What can an MAO inhibitor do in conjunction with Norco? (Posted late on 10/11 from 10/09)

If your client has been prescribed an MAO inhibitor and they take Norco within 14 days of taking the MAO inhibitor, they could potentially suffer from a very serious drug interaction! It is your job to not permit this to happen.

Protecting your clients at any cost shows them that With Age Comes Respect. That is why it is so important for you to realize that MAO inhibitors contain isocarboxazid, linezolid, phenelzine, rasagiline, selegiline, and tranylcypromine.

Yesterday I wrote about the dangers of hydrocodone. There are also danger from overdosing on acetaminophen. The fact is that acetaminophen can actually damage a person’s liver which can lead to death.

If your client takes too much acetaminophen, you must contact their physician immediately. You may be able to tell if they are experiencing nausea, upper stomach pain, itching, loss of appetite, dark urine, clay-colored stools or jaundice. These are things I mentioned in yesterday’s post, too, but they bare repeating!

If your client has been taking acetaminophen in excess, they may also display a severe skin reaction which appears red and the rash spreads which can cause blistering and peeling. The more they take, the worse it can get. It is so important to get your client off this drug!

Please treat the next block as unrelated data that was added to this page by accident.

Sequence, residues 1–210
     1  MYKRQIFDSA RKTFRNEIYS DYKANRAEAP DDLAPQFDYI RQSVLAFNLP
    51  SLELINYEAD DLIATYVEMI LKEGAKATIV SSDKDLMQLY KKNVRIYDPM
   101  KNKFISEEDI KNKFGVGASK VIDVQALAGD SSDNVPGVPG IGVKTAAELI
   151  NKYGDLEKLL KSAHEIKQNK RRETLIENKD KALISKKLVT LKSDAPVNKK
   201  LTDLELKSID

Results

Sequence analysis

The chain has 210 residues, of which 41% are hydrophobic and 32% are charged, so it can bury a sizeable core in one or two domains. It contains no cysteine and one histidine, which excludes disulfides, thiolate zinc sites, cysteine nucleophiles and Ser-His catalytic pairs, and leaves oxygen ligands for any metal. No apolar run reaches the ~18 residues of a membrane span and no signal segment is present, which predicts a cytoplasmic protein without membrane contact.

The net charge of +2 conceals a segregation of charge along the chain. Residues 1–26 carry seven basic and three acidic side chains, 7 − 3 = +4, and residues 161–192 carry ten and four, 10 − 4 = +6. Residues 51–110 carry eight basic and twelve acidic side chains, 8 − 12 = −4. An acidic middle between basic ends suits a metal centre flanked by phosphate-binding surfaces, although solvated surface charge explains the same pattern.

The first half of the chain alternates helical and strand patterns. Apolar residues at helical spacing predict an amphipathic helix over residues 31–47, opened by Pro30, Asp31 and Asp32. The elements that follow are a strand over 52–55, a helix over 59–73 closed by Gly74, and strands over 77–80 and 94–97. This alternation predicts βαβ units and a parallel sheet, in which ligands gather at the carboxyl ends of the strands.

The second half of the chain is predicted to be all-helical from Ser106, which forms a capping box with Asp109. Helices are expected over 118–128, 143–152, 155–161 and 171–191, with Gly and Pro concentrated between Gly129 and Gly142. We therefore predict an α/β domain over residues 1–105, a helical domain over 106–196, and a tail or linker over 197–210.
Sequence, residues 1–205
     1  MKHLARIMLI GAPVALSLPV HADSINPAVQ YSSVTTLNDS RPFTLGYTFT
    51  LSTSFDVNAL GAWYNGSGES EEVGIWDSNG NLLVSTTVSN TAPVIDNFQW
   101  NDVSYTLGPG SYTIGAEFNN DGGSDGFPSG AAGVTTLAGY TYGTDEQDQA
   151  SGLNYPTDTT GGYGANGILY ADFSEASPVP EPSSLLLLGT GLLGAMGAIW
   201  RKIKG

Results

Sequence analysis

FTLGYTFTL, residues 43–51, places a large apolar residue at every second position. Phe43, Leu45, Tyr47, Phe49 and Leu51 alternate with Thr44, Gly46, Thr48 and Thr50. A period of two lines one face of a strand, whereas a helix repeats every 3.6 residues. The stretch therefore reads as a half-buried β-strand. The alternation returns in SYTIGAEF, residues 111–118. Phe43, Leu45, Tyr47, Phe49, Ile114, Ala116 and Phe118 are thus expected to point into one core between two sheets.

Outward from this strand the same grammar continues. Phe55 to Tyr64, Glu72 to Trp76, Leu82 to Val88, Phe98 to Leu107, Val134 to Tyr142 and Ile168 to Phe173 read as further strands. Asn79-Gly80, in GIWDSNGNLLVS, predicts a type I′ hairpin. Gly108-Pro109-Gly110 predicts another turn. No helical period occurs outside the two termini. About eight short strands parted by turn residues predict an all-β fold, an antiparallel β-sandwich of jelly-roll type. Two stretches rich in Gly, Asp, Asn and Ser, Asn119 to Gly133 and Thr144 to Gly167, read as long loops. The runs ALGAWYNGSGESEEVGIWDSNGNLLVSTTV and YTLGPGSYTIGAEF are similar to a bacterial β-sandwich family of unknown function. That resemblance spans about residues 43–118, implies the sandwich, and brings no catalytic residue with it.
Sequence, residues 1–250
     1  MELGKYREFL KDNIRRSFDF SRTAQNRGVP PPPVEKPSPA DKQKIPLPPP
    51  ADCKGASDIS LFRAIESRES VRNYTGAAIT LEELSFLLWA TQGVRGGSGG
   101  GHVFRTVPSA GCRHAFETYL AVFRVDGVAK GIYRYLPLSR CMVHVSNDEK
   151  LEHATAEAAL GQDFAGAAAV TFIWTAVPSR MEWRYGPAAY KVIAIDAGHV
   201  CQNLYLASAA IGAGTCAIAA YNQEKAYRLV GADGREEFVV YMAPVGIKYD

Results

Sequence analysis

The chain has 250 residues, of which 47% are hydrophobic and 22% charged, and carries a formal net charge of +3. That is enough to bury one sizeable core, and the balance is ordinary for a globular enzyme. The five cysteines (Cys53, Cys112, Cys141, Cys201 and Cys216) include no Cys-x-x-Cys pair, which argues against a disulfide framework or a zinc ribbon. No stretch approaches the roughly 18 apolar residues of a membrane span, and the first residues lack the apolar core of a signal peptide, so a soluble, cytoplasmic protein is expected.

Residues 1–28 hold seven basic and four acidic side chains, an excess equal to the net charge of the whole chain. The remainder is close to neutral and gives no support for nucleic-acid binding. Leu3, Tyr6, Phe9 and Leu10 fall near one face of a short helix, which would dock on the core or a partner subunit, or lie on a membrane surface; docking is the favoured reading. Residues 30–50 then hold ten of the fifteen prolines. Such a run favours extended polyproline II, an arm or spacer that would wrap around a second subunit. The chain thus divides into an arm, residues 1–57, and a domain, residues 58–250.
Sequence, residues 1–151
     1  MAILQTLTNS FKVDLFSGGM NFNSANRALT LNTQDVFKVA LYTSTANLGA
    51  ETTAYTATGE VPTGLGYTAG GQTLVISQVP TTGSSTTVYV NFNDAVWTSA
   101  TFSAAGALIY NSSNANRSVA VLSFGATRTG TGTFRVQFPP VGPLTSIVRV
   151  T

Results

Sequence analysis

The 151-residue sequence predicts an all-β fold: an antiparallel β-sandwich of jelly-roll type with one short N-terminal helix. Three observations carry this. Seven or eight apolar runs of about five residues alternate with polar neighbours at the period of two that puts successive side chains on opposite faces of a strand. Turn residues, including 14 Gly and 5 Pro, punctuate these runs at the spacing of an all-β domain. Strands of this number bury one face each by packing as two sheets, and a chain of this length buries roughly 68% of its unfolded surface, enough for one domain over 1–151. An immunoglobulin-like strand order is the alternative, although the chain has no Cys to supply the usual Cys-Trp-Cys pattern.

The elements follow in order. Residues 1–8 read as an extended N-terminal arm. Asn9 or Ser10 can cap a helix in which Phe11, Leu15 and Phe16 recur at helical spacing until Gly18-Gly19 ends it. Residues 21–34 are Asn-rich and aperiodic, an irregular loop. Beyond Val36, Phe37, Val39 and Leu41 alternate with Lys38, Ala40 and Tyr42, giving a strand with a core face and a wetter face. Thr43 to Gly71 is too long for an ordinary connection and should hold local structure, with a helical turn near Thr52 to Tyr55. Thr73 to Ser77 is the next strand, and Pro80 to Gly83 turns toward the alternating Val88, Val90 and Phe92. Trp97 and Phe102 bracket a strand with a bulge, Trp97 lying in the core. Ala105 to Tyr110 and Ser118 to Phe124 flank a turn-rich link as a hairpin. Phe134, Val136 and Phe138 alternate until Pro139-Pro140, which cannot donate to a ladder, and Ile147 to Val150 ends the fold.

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About melissalstoneburner

Melissa is the proud mother of two boys. She also like to take care of all of her elderly clients as though they were her actual flesh and blood, too. Melissa began her elderly care business, Time to Care, in August, 2012. Since then, she has successfully seen several clients through life and onto the next life. She writes about what she knows, what she doesn't know, and reveals all the research in between. She believes that elderly care is the best thing she has ever done in life; second only to being a mother!
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